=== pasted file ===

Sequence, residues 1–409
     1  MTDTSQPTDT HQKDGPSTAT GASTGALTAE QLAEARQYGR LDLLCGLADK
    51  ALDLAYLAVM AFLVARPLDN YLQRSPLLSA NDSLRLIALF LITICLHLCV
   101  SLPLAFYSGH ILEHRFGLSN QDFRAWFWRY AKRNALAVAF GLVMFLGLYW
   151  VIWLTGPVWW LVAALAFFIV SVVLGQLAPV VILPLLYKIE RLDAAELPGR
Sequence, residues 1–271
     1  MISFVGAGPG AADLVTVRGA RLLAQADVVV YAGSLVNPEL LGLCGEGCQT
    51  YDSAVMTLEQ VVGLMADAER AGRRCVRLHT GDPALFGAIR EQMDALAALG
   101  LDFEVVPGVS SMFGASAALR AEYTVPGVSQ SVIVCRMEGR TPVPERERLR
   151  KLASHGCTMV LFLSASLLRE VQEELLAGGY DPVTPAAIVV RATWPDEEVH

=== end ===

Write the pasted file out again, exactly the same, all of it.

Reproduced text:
Sequence, residues 1–409
     1  MTDTSQPTDT HQKDGPSTAT GASTGALTAE QLAEARQYGR LDLLCGLADK
    51  ALDLAYLAVM AFLVARPLDN YLQRSPLLSA NDSLRLIALF LITICLHLCV
   101  SLPLAFYSGH ILEHRFGLSN QDFRAWFWRY AKRNALAVAF GLVMFLGLYW
   151  VIWLTGPVWW LVAALAFFIV SVVLGQLAPV VILPLLYKIE RLDAAELPGR
Sequence, residues 1–271
     1  MISFVGAGPG AADLVTVRGA RLLAQADVVV YAGSLVNPEL LGLCGEGCQT
    51  YDSAVMTLEQ VVGLMADAER AGRRCVRLHT GDPALFGAIR EQMDALAALG
   101  LDFEVVPGVS SMFGASAALR AEYTVPGVSQ SVIVCRMEGR TPVPERERLR
   151  KLASHGCTMV LFLSASLLRE VQEELLAGGY DPVTPAAIVV RATWPDEEVH